ReliaSoft BlockSim offers corrective maintenance and also on-condition, preventive and inspection scheduled tasks. Corrective maintenance can be implemented as a direct task when an item fails, or it can be triggered by inspections. Inspections themselves can be regularly scheduled, or they can be triggered by other system events. Accordingly, redundancy or other non-customer affecting failures can be left un-repaired until an inspection is triggered by another failure or some other (defined) maintenance action.
In today’s world of increasing availability of system diagnostics through online connectivity, operations managers can be aware of component failures within redundant systems, well ahead of any customer being aware of system degradation. However, repair of such component failures would likely be undertaken only when it is cost-effective to do so. Sending out a repair technician just for a redundancy failure may involve significant travel cost – the alternative, of waiting for system failure, may increase customer and other secondary costs.
Of course, if a system-outage results from some other component failure, the redundancy failure would usually be repaired concurrently.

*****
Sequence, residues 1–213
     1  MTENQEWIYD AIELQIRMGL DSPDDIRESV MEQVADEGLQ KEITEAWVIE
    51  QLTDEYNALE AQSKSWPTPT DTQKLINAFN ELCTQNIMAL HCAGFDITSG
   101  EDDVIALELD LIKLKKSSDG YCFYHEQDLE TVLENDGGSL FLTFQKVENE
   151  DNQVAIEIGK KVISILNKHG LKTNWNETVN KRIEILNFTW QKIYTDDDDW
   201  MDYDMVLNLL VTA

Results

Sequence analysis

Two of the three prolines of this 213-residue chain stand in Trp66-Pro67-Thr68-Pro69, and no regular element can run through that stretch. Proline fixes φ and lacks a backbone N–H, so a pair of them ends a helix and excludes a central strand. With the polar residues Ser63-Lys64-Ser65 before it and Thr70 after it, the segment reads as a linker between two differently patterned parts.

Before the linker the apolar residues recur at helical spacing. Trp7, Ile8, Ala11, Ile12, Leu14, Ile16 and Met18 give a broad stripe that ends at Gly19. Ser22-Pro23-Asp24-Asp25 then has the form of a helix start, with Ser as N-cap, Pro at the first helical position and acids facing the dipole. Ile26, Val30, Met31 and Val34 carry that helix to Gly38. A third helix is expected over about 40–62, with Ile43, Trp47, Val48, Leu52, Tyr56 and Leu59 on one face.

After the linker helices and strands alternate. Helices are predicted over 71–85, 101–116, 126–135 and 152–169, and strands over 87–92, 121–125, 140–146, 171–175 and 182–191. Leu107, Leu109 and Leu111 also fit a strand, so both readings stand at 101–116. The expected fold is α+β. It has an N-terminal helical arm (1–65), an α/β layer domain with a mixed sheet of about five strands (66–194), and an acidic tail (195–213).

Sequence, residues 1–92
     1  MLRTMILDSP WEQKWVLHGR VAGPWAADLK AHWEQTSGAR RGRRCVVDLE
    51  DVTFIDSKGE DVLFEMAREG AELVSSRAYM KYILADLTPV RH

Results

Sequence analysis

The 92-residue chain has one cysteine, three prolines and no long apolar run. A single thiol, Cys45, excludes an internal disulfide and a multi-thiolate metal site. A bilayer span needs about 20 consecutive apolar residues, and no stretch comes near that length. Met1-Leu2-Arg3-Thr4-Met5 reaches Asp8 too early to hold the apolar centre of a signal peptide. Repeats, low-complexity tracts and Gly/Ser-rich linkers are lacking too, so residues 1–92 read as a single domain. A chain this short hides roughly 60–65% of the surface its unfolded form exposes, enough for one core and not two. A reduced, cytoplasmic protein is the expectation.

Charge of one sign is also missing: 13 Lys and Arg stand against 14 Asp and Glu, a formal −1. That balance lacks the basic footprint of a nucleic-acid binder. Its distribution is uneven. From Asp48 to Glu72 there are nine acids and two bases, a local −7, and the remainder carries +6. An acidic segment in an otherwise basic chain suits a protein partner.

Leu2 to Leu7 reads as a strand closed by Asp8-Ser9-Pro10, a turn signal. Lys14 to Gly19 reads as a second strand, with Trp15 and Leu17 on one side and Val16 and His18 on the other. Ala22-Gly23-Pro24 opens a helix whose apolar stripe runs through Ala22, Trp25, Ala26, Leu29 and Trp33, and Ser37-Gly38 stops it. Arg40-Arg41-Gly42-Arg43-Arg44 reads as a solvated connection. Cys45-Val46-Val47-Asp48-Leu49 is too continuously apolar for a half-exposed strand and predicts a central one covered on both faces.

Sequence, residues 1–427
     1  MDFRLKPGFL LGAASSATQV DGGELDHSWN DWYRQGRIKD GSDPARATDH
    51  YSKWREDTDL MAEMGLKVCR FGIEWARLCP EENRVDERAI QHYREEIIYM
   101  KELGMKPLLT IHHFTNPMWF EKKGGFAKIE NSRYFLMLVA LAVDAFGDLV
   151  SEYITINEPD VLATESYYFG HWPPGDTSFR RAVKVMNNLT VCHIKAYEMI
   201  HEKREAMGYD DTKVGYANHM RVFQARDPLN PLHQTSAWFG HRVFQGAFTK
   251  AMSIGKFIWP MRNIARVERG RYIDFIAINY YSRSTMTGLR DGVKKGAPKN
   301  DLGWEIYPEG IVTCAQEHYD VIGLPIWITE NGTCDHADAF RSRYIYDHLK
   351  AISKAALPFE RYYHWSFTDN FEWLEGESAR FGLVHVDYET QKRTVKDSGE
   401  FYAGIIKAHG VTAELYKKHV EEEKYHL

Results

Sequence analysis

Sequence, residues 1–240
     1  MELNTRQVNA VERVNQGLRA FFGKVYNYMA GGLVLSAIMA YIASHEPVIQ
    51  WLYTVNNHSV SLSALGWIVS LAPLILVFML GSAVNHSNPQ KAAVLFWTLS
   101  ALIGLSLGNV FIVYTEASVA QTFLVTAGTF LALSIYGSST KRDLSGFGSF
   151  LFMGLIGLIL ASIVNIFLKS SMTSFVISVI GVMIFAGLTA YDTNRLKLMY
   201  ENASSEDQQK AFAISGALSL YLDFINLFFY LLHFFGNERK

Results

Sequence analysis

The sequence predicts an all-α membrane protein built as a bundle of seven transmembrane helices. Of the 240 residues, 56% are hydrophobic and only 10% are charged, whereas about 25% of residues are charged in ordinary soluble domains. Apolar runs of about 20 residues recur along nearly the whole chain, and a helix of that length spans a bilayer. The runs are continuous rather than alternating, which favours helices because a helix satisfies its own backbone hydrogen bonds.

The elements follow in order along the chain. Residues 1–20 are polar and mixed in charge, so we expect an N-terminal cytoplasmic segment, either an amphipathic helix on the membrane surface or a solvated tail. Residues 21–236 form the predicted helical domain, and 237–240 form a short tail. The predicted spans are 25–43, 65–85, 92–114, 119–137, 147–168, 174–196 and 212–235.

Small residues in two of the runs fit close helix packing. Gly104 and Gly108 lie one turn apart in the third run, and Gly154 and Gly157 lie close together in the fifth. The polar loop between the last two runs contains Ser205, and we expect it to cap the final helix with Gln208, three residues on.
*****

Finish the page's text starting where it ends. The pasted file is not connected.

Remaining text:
However, a good operations manager might keep a list of redundancy failures and direct a technician to repair the affected system if he were driving close-by – this would avoid travel costs.
But what approach would be best for a particular system and operations scenario?
The first 2 options are easily modeled using corrective and scheduled inspections. The 3rd requires a trigger that is essentially outside the system being modeled, namely the likelihood of a drive-by. Unfortunately, BlockSim does not allow triggers from outside the system being modeled. A “Drive-by” trigger, therefore, must be modeled within the affected system.
Electronic billboards are managed by advertising companies with maybe several hundred units on inventory. Maintenance management is a key factor supporting profit generation – billboard downtime equates to lost advertising revenue.
Good billboard design will include some elements of redundancy but optimizing when and how to implement maintenance support is a complex task based on component reliability properties. This is a classic scenario to explore in BlockSim.
For simplicity, the block diagram below is used to represent a billboard. It has a serial element to represent the serial elements (“Rest of System”) and a redundancy element (“Parallel Block”). The potential for a drive-by repair is modeled with “Passing Technician” block, together with a parallel “dummy” block to prevent our modeling affecting the system availability.